“Just relax, take a deep breath and exhale slowly,” she encouraged the Duchess.
“If you say one more thing about being relaxed, or calm, I shall fucking impale you on spike in the middle of the fucking palace courtyard for everyone to see the fate of you …bastarding mother fucker!”
“Breathe, your Grace! It’s just a contraction!”
Monza’s shriek trailed off in a whimper. “Professional killers did a job of work on me and then left me for dead and it didn’t feel like this,” she panted, grabbing at the midwife’s white apron. “What’s wrong?”
“Nothing, your Grace, nothing!” said the midwife. “Everything is proceeding quite normally.”
“Then why…” Monza’s snarl disappeared into an inarticulate burble. The midwife laid her hands on Monza’s rock hard abdomen and palpated firmly.
“Your Grace, I think it’s nearly time. I need you to bear down with the next contraction. Ready, ready – now push, your Grace!”
Let in never be said Monzcarro Murcatto couldn’t take orders when necessary. Monza ground her teeth and pushed.
The world turned inside out, and there was a moderate amount of blood.
Monza drowsed. She felt… she felt bloody exhausted, if the truth be told. Bone tired and weary, muscles burning with that dull ache of abuse and overuse. Her back creaked as she shifted her weight and there was stab, acid bright, between her legs that shafted up through her belly. That woke her properly, and she looked about. She was in her own bedchamber. The curtains of the tall windows flapped gently in a cheerful breeze, smelling of spring and promises that no one had broken. There was a middle aged woman, dressed in crisp white, leaning over something to the side of Monza’s own grand bed. “Who are you?” Monza started to demand, before her brain caught up with her mouth. “Oh. It’s you,” she stated, and the midwife bobbed a crisp curtsy. There was a brief pause. Something moved in the crib the midwife had been standing over. “Is it over?” Monza asked.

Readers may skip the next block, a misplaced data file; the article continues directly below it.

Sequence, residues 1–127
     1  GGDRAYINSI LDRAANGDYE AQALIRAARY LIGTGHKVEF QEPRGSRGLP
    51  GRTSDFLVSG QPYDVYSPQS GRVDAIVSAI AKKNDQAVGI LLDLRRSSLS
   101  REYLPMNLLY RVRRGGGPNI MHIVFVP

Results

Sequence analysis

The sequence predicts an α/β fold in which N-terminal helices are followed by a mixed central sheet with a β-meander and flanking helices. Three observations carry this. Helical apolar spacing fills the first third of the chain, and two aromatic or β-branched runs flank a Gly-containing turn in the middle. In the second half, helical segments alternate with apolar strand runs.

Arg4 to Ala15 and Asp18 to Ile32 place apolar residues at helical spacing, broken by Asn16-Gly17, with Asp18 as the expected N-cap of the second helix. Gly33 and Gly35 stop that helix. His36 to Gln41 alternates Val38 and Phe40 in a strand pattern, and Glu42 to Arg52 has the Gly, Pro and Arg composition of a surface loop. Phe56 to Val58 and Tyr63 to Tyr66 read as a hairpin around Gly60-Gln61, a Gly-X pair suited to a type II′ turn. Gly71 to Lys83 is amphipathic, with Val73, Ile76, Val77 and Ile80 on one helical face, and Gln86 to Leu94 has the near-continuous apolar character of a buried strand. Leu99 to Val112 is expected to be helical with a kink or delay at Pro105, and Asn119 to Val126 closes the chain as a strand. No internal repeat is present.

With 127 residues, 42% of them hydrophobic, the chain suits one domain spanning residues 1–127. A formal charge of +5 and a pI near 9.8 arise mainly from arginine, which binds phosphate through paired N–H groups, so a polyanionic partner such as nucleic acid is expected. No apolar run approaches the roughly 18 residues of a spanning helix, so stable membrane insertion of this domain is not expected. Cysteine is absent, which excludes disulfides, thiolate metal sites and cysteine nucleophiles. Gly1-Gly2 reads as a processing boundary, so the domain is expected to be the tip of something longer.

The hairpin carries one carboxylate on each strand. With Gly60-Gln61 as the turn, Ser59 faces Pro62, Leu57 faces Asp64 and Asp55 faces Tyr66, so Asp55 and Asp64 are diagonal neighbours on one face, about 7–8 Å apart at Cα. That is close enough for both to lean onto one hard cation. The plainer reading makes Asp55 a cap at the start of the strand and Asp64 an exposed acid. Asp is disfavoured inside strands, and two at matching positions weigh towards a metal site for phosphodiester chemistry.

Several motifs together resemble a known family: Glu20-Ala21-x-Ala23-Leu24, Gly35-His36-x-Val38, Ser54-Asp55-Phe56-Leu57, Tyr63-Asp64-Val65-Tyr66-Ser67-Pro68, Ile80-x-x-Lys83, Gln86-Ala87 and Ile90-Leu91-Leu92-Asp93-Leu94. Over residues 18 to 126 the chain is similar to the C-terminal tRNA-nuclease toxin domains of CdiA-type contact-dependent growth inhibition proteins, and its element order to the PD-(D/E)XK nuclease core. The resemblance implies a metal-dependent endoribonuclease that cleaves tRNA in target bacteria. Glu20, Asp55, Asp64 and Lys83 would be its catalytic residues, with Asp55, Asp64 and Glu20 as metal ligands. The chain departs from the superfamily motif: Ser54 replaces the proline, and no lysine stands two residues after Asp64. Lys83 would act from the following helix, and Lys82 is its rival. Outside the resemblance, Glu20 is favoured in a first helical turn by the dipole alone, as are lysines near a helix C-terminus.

“Your pregnancy and birth is over, your Grace,” the midwife replied, a funny quirk to her lips. “Motherhood, however, that’s just beginning. Would you like to hold your baby?”